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NSF 03-580: Cooperative Activities in Environmental Research between the National Science Foundation and the European Commission: Ecology and Oceanography of Harmful Algae

Program Solicitation

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Document History

  • Posted: July 18, 2003


Cooperative Activities in Environmental Research between the National Science Foundation and the European Commission: Ecology and Oceanography of Harmful Algae

Program Solicitation
NSF 03-580

NSF Logo

National Science Foundation
Directorate for Geosciences
      Division of Ocean Sciences

Full Proposal Deadline(s) (due by 5 p.m. proposer's local time):

    October 16, 2003

Summary Of Program Requirements

General Information

Program Title:

Cooperative Activities in Environmental Research between the National Science Foundation and the European Commission: Ecology and Oceanography of Harmful Algae

Synopsis of Program:

This program supports collaborative environmental research between U.S. scientists and engineers and their counterparts in the member countries of the European Union through an implementing arrangement between the National Science Foundation and the European Commission (EC).  

Cognizant Program Officer(s):

  • Phillip R. Taylor, Program Director, Directorate for Geosciences, Division of Ocean Sciences, 725 N, telephone: (703) 292-8582, fax: (703) 292-9085, email:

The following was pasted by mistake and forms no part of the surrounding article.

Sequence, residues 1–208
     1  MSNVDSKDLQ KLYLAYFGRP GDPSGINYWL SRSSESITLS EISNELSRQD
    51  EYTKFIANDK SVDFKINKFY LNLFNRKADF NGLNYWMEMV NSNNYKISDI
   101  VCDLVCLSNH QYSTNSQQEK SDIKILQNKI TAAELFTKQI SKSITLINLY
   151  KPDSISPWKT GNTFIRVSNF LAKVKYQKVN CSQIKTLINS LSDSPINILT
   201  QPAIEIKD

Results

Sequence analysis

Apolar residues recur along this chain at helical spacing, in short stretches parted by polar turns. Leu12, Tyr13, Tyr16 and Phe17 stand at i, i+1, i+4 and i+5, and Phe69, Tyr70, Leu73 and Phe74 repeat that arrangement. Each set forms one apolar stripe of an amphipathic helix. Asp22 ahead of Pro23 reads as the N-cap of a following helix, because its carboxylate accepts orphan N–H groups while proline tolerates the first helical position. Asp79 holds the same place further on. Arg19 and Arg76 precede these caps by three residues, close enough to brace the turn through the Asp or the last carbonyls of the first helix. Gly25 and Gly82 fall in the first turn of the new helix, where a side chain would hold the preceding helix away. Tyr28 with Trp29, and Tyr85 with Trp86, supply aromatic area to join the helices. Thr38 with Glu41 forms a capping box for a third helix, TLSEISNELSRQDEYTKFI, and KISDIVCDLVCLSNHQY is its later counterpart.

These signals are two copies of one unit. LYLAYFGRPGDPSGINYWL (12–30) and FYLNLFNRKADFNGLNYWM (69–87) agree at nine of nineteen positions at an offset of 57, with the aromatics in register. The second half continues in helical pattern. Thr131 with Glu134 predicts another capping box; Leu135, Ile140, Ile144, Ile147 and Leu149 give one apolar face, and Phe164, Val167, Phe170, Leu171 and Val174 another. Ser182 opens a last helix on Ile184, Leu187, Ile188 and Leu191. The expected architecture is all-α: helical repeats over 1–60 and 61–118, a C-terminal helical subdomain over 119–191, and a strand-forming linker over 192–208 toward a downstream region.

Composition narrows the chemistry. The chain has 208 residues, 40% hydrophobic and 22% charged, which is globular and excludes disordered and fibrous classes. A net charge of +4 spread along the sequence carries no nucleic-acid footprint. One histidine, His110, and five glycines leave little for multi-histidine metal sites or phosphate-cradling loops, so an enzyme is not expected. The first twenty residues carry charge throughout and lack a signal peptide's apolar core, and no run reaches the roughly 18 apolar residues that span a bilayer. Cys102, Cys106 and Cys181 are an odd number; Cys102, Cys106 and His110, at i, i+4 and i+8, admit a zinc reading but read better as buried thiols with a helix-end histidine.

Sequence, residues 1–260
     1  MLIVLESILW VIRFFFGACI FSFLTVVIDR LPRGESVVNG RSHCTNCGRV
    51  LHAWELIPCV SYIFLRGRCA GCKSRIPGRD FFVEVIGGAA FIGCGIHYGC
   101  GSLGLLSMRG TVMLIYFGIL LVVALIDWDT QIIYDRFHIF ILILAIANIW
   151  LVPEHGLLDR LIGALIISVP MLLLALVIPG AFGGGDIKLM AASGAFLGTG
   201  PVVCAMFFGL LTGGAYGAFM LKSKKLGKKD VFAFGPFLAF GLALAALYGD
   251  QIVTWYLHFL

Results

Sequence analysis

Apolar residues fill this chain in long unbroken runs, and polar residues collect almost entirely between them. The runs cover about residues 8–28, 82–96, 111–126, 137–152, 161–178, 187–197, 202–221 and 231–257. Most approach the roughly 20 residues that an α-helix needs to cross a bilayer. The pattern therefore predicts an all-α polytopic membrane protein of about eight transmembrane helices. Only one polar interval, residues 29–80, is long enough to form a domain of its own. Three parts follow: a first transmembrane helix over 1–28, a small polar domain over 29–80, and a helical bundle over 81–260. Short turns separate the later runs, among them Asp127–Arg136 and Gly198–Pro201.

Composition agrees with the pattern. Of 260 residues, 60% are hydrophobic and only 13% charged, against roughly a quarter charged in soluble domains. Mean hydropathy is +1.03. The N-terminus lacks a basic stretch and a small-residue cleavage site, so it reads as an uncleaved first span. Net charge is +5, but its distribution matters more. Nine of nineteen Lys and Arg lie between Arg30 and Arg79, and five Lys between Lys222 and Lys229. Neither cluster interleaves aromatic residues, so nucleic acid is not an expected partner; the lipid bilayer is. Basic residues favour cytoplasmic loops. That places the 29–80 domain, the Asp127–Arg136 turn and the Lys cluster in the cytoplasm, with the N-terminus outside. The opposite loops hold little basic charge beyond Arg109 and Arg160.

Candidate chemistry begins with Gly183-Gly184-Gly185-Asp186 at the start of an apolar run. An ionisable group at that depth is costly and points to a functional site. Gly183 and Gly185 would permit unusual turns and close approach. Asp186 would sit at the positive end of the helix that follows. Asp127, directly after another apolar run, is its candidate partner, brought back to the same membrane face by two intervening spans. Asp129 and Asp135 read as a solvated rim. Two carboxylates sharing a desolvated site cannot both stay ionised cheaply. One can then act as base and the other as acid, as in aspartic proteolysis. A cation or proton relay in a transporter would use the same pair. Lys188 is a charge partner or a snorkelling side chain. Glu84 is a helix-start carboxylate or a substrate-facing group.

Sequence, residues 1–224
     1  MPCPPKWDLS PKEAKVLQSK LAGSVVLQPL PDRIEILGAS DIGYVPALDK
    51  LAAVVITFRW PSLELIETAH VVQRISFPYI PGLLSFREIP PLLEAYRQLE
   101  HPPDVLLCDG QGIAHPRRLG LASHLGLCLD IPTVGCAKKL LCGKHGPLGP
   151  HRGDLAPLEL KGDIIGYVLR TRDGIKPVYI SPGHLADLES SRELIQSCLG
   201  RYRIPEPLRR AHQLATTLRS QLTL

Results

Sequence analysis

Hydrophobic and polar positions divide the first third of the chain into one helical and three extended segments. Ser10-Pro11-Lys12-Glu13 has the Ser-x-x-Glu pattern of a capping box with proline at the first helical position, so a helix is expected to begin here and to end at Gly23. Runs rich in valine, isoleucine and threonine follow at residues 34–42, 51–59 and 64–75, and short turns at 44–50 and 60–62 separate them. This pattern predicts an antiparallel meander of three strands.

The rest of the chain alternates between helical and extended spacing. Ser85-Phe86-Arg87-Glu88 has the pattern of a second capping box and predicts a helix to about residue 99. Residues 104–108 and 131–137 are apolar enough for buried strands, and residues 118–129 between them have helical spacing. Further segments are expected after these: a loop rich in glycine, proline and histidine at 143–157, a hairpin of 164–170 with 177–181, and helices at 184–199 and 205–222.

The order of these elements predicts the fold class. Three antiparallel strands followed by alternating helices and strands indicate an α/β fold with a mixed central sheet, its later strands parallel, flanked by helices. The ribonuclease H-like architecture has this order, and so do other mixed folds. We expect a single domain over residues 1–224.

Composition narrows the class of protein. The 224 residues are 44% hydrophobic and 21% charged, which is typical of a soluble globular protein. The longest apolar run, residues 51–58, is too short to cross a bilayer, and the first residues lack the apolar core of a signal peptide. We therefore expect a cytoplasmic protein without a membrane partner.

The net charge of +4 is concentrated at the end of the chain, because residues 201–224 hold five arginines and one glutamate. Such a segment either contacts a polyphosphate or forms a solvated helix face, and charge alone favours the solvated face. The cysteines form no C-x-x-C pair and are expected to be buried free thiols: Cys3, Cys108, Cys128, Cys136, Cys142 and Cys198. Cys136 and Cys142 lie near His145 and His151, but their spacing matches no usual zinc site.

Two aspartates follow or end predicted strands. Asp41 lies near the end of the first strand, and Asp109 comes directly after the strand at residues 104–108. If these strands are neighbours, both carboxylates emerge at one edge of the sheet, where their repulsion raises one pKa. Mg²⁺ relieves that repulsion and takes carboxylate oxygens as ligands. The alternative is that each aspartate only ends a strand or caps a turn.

• David Lee Garrison, Associate Program Director, Directorate for Geosciences, Division of Ocean Sciences, 725 N, telephone: (703) 292-8582, fax: (703) 292-9085, email:

  • Jeanne E. Hudson, Program Coordinator, Directorate for Social, Behavioral & Economic Sciences, Office of International Science and Engineering, 935 N, telephone: (703) 292-8702, fax: (703) 292-9067, email:

Applicable Catalog of Federal Domestic Assistance (CFDA) Number(s):

  • 47.050 --- Geosciences

Eligibility Information

  • Organization Limit: None Specified.
  • PI Eligibility Limit: None Specified.
  • Limit on Number of Proposals: None Specified.

Award Information

  • Anticipated Type of Award: Standard or Continuing Grant
  • Estimated Number of Awards: 5 to 10 - depending on the quality of the proposals, size of the US components of the EC/NSF cooperative activities, and the availability of funds
  • Anticipated Funding Amount: $2,000,000 per year in FY 2004 through FY 2007, pending availability of funds. Anticipated award size $100,000 to $500,000 per year for up to 4 years.

Proposal Preparation and Submission Instructions

A. Proposal Preparation Instructions
  • Full Proposal Preparation Instructions: This solicitation contains information that supplements the standard Grant Proposal Guide (GPG) proposal preparation guidelines. Please see the full text of this solicitation for further information.
B. Budgetary Information
  • Cost Sharing Requirements: Cost Sharing is not required.
  • Indirect Cost (F&A) Limitations: Not Applicable.
  • Other Budgetary Limitations: Not Applicable.
C. Due Dates
  • Full Proposal Deadline Date(s) (due by 5 p.m. proposer's local time):
      October 16, 2003

Proposal Review Information

  • Merit Review Criteria: National Science Board approved criteria. Additional merit review considerations apply. Please see the full text of this solicitation for further information.